Friday, May 20, 2011

Of Vestries and the End of the World

If you've been following general current events of whacked out alternative theology, you will no doubt know that the END OF THE WORLD (tm) is within a stone's throw away -- tomorrow, May 21, sometime around 6 p.m. local time if I remember right.

With that in mind, we held our *cough*final*cough* vestry meeting last night.

There are many good things about being an Episcopalian -- the liturgy, the wine, the lack of snake handling. There are also some difficulties with being an Episcopalian -- current politics, the wine, snakes on St. Francis' day.

I suppose one of the things that causes us both much joy and much consternation is the lectionary. You know, that cycle of predetermined readings spanning three years and endlessly repeating itself. There are actually a few lectionaries in use in the church. There's the Sunday lectionary, for which we have now officially converted to the RCL. There's the Daily Office lectionary, which remains unchanged. There's a six-week lectionary cycle found in Lesser Feasts and Fasts, and there's the lectionary for various saints and people worthy of honoring.

The nice thing about the lectionary is that you don't have to work all that hard to come up with texts for Sunday services. You simply look up 4 Easter or Proper 12 or 2 Lent or whatever and you have your readings laid out all nice and neat. The bad thing about the lectionary is that you don't get to choose what comes up. And, let's face it, sometimes you just aren't that enthused about preaching on sheep.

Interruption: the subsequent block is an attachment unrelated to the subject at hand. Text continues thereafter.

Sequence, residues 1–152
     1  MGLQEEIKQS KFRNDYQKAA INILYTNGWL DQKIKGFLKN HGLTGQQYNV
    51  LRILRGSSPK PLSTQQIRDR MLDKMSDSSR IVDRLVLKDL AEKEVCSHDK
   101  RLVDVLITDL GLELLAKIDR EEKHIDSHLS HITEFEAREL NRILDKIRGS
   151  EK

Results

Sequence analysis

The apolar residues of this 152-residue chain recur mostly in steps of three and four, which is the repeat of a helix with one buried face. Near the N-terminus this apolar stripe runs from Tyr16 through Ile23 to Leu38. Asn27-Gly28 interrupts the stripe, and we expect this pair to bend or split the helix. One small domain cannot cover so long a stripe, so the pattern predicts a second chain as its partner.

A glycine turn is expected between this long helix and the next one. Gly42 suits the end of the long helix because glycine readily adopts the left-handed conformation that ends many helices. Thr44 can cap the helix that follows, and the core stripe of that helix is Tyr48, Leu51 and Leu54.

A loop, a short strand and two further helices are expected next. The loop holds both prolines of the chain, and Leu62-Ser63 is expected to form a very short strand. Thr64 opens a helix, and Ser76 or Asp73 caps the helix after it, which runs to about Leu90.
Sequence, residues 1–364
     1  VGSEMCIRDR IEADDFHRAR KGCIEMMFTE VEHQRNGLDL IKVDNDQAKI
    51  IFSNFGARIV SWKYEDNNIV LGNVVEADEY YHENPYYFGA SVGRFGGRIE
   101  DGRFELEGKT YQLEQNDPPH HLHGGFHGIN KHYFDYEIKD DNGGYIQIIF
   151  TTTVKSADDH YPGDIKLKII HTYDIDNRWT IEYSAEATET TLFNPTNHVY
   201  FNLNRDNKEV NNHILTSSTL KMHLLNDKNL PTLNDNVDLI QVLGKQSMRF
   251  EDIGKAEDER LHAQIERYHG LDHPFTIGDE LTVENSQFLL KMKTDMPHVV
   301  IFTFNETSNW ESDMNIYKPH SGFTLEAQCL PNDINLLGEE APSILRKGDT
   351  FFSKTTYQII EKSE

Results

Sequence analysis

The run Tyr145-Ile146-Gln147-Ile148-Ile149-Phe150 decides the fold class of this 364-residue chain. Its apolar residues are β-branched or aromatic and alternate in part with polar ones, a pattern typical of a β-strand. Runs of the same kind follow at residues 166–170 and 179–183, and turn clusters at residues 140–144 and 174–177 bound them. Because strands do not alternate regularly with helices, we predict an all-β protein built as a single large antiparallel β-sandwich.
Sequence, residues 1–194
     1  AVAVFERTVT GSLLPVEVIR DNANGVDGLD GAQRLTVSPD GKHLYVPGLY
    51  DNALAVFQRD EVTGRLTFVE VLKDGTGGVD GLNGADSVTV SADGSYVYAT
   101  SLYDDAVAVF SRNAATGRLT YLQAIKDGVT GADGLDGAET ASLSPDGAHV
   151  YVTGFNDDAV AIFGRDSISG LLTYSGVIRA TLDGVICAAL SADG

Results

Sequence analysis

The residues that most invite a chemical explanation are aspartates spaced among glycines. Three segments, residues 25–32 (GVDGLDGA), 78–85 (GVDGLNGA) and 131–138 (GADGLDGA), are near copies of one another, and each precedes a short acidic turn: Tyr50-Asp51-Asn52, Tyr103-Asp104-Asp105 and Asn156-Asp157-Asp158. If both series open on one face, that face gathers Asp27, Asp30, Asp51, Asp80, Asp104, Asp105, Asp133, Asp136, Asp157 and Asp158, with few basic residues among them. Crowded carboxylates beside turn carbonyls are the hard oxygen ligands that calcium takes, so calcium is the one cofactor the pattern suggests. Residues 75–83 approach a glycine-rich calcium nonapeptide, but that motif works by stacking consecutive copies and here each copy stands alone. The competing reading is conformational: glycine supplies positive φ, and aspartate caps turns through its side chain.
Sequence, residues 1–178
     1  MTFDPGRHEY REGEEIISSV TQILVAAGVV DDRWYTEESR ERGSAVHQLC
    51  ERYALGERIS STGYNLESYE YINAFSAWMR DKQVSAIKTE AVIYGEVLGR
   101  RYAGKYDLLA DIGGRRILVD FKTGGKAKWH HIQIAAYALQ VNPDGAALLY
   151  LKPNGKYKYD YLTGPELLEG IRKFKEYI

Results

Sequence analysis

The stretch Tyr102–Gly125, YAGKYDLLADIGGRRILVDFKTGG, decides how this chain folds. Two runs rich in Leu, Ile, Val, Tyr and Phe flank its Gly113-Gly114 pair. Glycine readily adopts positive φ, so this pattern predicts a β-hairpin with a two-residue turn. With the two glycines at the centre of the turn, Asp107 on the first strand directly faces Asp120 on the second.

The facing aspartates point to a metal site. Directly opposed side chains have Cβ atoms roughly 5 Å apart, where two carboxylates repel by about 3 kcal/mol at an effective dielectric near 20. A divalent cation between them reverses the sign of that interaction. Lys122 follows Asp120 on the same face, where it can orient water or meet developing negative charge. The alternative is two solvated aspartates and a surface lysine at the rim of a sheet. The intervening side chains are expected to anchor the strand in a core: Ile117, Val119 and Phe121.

I have begun opening our vestry meetings with Evening Prayer. I use either the Daily Office lectionary, or the lections for the saint of the day. Yesterday was the feast day for St. Dunstan. The reading came from Matthew 24:42 - 47.

Therefore be on the alert, for you do not know which day your Lord is coming. But be sure of this, that if the head of the house had known at what time of the night the thief was coming, he would have been on the alert and would not have allowed his house to be broken into. For this reason you also must be ready; for the Son of Man is coming at an hour when you do not think He will. Who then is the faithful and sensible slave whom his master put in charge of his household to give them their food at the proper time? Blessed is that slave whom his master finds so doing when he comes. Truly I say to you that he will put him in charge of all his possessions.

So while Harold Camping and those poor people whom he boondoggled sit and wait for the rapture, we will be busy trying to be faithful and sensible slaves working at that which we have been put in charge of.

One of the things I love about being an Episcopalian is just how often I am amazed at the confluence of lectionary and life.


Lady Anne | 2:37 PM, May 22, 2011  

Oh, well. I am the editor of our parish's newsletter, and Friday was the deadline for getting articles to me. I announced in church this morning that I hadn't pushed it, just on the off chance I wouldn't have to bother with the bloody thing.

There was somebody in the neighborhood, going door to door with a clipboard, very official-looking, telling folks that if they were taken up in the Rapture, he would see to it that their pets were well taken care of. For a price, of course. He is now residing in the Bad Boy's Boarding House.

People never cease to amaze me.

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